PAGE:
Textbook subscription services may benefit students


Photo by Nya Rai.

Textbook prices are the highest they’ve ever been nationally. In a message from the provost, Southern Miss Provost and Senior Vice President for Academic Affairs Steven Moser, Ph.D., addressed the issue and supplied a possible answer. 

“We have long realized that the cost of attendance in Mississippi Institutions of Higher Learning creates barriers to completion for some of our students,” Moser said. “Our goal has always been to make higher education accessible to all Mississippi students, and this is just one way we could offset those costs through thoughtful, intentional, institution-wide adoption practices around textbooks.”

Moser said the Faculty Senate is making steps toward an alternative to the rising prices of textbooks. According to Integrated Post Secondary Data System, students spent an average of $2,000 on textbooks last year. Moser said there has been a rising trend in textbook prices for much longer than many may realize.

“The price of college textbooks has been rising rapidly for several decades, much faster than other consumer prices,” Moser said. “Many studies have attributed the root of textbook inflation to a lack of competition, and lack of student choice, that is, students must buy the books adopted by the unit.” 

Senior nursing major Shelby Hartley said she would have spent $1200 this semester if not for a friend of the family, who had some of the books she needed, so instead she spent $450. She said she was worried about getting her books due to the high cost.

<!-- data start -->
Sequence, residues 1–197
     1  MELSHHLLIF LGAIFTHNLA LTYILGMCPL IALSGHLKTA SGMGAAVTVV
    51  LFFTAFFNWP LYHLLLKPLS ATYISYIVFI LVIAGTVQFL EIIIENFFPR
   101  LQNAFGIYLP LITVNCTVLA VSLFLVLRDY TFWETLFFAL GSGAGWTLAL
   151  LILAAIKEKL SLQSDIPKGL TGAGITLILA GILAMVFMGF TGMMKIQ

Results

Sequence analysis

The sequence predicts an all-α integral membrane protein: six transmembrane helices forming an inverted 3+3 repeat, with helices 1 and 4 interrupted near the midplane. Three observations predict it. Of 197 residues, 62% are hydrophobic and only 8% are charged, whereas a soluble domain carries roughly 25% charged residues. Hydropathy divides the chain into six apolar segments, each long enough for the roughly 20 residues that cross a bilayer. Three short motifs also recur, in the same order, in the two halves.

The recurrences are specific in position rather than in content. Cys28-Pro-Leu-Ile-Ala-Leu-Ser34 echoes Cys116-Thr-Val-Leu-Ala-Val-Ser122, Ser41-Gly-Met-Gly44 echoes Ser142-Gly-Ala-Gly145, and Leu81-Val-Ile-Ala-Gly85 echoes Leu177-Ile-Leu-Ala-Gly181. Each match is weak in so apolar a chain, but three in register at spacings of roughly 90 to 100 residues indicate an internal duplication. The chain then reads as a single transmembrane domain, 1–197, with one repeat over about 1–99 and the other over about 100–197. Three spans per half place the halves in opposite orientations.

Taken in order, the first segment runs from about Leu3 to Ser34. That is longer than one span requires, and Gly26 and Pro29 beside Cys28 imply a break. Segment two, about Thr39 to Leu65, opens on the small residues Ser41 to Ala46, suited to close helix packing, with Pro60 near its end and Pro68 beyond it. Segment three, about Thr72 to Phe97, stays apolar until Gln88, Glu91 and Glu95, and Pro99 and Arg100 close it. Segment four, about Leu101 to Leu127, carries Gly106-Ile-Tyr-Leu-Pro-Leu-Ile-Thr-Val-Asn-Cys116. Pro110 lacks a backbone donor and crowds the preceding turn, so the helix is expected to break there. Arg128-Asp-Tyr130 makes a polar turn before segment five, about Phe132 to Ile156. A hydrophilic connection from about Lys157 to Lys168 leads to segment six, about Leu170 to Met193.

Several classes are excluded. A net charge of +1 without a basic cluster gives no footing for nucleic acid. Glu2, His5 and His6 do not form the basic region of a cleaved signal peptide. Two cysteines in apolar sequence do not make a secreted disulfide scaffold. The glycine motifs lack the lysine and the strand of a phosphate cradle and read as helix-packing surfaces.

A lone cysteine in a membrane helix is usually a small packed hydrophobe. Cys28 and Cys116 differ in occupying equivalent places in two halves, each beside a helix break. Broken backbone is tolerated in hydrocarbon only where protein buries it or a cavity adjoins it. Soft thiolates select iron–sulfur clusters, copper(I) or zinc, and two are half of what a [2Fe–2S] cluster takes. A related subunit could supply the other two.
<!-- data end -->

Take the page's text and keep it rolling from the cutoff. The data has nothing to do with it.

“I definitely have worried [about textbooks.] It’s not like most of your prereq classes where you can almost always get away without the book,” Hartley said. “In nursing school, you need the book and all the supplemental items that come with it in order to do well, and with homework and lecture starting the week school starts, it’s hard for people who have to wait for financial aid to get their books.”

Moser said there are many ways to lower the cost of textbooks, including subscription services and faculty-created units for textbooks. These services are likened to Netflix or other streaming platforms where students pay a subscription fee and get access to all of their books for the semester or a flat rate.

“Perhaps it is time as a faculty body to dig in a little deeper to our textbook adoption practices,” Moser wrote. “A $250 yearlong subscription versus that $2,000 average cost would be a significant savings for many of our students who are struggling financially.” 

Hartley said she agreed with Moser’s statement, and anything that would lower textbook prices would be great for the student body.

“I think [a subscription service] would help,” Hartley said. “If all of your textbooks could be accessed for one whole unit price, I think it would be beneficial.”

A subscription service would include a variety of content delivery modes from hardcover textbooks to electronic editions, and according to Moser, they have been implemented to great success in other universities.

“As an example, the University of Missouri system adopted Cengage Subscription Textbook Services, and in the first year saved students nearly $3 million in textbook costs,” Moser said. 

The university is not the only entity that worries about the price and availability of books; private textbook sellers like the manager of Campus BookMart Jimmy Renfroe said they try to keep textbook prices down by providing rentals and only editions when at all possible. 

“Best options [Campus BookMart] have right now is either rental or digital copies of a book,” Renfroe said. “It is normally a lot cheaper than buying physical books.”

Renfroe, who has worked in the textbook industry since 1995, said he watched the trend of rising textbooks since he started working.

“I’m not sure what drives [textbook] pricing, but I know I have seen the prices go up,” Renfroe said. “I have a daughter in college myself, so I understand. Just try to save where you can. If you like digital books, go that route and save money.”